Digital millennials and the Bible

Discover how the Bible is perceived by 'digital millennials' in this report created in partnership with CODEC and Barna.

Joseph, Saul, Mary, Esther – mention these names to most Christians and they’ll quickly tell you they’re Bible characters. This can often lead to the assumption that there is a high rate of biblical literacy amongst the rest of the population, when, in reality, millions of British young people have grown up without much exposure to Christianity or the Bible at all.

So, to find out what younger people do know, we partnered with CODEC at the University of Durham to has conduct a landmark study of Bible perceptions and engagement among millennials [adults ages 18–35] to see what they really think about the Bible.

We expected to find widespread scepticism or even hostility towards Christianity and the Bible among those unconnected with the Church. Yet this study uncovered that attitudes are more likely to be neutral than negative among young people, affirming Bible Society’s mission to help society find relevance and see the value in the Bible.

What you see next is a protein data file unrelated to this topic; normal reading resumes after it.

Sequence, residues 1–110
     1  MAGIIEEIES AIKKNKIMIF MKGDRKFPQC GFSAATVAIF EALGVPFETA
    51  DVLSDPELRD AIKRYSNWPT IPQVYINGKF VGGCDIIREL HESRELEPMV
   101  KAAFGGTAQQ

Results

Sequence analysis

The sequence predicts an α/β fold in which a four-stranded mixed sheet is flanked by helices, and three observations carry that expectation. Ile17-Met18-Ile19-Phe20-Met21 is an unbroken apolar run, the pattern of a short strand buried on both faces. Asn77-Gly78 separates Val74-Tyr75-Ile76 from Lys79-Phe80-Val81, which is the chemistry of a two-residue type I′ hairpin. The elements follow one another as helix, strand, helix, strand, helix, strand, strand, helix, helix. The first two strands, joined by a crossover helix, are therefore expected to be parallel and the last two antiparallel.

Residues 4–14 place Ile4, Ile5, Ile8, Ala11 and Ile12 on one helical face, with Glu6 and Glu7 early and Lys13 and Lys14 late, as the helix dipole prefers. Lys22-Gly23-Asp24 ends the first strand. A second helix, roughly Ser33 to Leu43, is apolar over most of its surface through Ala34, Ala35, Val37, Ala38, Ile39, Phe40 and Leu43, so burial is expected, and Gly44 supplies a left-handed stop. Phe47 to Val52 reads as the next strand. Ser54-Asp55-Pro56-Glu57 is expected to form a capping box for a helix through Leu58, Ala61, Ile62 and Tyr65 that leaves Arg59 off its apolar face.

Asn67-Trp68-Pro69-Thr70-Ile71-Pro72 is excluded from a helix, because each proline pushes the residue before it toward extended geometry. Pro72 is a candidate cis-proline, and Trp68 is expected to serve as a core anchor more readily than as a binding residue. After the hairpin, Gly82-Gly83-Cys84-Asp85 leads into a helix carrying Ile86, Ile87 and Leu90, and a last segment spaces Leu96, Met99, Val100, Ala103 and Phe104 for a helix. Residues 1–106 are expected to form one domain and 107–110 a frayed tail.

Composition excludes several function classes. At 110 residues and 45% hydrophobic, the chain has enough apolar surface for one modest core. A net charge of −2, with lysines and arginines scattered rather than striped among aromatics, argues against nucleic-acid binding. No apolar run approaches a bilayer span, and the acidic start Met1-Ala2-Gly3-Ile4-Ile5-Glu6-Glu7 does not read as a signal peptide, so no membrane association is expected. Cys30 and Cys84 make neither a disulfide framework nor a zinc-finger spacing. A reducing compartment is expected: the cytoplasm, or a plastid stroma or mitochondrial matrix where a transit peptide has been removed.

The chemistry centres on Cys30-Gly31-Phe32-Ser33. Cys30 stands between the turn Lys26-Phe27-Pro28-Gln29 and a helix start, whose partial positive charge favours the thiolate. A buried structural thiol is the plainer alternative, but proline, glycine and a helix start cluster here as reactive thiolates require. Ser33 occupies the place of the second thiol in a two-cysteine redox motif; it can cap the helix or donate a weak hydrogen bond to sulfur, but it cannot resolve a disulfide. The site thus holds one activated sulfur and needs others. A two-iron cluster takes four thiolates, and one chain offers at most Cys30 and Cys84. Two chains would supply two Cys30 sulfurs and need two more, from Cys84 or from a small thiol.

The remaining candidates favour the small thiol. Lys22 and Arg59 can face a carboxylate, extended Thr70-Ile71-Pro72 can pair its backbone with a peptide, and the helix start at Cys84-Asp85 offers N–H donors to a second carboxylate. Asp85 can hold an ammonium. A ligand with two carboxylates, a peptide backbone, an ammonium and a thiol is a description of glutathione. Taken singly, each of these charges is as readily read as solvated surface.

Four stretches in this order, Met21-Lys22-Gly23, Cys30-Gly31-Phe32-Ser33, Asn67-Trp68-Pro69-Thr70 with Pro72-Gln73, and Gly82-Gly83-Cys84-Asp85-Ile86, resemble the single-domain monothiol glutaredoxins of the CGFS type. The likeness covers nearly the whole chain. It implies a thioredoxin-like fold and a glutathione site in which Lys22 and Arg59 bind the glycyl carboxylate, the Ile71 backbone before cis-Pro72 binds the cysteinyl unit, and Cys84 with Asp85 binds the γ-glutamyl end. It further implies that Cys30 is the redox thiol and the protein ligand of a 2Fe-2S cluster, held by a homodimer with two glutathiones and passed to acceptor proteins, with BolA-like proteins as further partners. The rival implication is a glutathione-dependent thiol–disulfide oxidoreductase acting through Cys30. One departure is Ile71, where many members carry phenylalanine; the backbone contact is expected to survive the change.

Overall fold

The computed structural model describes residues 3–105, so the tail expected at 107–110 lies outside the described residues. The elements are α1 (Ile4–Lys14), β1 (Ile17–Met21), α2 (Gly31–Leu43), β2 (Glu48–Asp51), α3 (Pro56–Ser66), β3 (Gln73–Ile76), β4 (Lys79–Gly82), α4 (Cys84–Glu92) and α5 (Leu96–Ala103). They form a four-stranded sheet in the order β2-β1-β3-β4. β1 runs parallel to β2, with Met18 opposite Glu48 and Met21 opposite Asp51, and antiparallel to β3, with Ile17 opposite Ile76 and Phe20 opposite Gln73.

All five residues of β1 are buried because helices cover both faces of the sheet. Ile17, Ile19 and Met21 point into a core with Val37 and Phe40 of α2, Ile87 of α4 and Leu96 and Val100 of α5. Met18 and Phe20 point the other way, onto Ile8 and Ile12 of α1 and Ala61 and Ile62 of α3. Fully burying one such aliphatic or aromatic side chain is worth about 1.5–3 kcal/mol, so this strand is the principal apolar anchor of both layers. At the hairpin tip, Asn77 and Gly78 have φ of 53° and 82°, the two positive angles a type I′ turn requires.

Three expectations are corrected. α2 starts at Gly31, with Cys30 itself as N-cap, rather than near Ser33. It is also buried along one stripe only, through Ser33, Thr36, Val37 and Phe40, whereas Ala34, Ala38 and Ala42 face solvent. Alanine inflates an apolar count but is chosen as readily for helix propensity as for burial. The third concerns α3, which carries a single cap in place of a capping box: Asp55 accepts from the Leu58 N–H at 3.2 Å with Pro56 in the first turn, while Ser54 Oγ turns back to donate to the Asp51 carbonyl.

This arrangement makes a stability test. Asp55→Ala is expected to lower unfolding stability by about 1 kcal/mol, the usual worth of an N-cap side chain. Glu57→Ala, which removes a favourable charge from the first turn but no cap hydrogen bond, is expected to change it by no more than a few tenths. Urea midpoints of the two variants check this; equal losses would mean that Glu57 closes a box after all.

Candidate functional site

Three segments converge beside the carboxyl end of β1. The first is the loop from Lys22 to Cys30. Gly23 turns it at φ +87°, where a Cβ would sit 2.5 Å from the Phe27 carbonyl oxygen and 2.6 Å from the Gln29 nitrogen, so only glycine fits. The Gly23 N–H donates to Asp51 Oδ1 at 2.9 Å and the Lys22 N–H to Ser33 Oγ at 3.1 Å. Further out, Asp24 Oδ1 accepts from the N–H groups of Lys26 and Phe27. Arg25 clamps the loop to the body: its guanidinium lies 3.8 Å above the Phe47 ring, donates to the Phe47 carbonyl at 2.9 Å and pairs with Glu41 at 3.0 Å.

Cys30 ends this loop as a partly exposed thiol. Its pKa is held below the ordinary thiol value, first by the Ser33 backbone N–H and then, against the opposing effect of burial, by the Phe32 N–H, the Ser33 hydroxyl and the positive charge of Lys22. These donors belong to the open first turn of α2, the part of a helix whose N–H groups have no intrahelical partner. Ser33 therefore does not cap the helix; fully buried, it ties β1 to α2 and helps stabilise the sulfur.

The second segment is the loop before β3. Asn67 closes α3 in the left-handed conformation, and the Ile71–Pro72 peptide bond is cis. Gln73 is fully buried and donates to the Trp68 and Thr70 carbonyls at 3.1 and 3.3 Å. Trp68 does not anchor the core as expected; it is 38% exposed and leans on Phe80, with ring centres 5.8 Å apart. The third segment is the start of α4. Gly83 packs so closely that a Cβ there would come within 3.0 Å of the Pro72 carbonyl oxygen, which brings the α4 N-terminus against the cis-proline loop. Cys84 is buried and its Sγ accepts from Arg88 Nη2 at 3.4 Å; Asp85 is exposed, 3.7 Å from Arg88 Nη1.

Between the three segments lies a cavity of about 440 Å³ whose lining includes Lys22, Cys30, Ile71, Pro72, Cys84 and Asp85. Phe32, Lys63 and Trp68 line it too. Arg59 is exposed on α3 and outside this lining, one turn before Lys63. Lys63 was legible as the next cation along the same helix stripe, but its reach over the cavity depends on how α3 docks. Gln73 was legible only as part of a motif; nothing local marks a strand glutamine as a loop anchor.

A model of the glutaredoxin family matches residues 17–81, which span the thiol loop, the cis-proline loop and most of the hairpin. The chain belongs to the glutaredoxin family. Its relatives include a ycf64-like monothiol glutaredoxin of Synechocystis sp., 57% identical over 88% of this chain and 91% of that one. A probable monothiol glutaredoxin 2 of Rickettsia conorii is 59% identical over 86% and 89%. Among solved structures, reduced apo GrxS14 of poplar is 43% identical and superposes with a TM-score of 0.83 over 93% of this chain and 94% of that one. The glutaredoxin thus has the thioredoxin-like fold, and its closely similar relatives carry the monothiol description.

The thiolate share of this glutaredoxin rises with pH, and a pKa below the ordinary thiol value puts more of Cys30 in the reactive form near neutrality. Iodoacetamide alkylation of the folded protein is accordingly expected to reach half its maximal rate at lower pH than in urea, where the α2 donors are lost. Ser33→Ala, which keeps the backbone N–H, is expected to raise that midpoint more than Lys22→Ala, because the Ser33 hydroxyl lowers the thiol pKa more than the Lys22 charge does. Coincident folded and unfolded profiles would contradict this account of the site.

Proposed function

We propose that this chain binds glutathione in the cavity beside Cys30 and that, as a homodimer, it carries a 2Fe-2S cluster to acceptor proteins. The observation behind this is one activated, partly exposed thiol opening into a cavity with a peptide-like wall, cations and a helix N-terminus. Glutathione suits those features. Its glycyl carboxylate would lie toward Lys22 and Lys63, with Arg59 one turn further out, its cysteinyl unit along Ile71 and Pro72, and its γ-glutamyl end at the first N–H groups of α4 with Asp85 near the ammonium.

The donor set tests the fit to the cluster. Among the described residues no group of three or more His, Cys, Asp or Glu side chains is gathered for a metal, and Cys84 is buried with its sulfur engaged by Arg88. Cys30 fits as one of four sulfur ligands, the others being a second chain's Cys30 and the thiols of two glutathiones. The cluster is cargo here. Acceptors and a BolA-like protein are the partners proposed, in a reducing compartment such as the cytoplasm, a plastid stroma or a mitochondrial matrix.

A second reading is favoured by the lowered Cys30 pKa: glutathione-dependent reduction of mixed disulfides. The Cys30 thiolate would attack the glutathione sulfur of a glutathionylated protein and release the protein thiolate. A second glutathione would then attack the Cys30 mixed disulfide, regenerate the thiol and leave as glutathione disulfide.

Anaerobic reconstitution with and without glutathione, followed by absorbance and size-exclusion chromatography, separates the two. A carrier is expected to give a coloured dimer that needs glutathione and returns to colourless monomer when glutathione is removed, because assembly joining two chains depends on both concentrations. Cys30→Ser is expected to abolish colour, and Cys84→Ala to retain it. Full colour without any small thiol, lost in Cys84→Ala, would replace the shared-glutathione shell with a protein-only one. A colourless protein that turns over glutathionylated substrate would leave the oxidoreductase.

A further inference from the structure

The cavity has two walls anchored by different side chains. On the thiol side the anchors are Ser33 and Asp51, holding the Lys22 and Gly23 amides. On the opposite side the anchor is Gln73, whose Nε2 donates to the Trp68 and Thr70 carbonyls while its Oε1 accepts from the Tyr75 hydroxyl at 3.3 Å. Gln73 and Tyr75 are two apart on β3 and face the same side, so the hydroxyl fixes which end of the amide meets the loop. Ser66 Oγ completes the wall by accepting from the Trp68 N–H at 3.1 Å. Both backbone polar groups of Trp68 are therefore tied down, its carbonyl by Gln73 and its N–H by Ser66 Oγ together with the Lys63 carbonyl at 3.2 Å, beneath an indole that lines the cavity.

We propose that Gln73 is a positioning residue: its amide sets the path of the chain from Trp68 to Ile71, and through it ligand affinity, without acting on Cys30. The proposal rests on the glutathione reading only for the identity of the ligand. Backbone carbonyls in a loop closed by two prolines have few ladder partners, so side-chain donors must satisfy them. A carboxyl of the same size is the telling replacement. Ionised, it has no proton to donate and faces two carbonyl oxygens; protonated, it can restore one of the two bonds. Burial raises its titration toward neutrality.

We also found that print is not dead amongst tech-savvy millennials.  Despite a surge in electronic media, over half of ‘digital millennials’ mainly read books in print. Further, more young-adult Bible users prefer a print copy of the Bible to a digital version, though plenty do use a phone-based app or search for Scripture online.

Some of the findings in the following pages surprised us and we hope they will challenge and surprise you too as we all seek to engage young people with God’s word in new and creative ways.

We partnered with CODEC at the University of Durham to design the research and with Barna Global to produce this report.

Download full report

 

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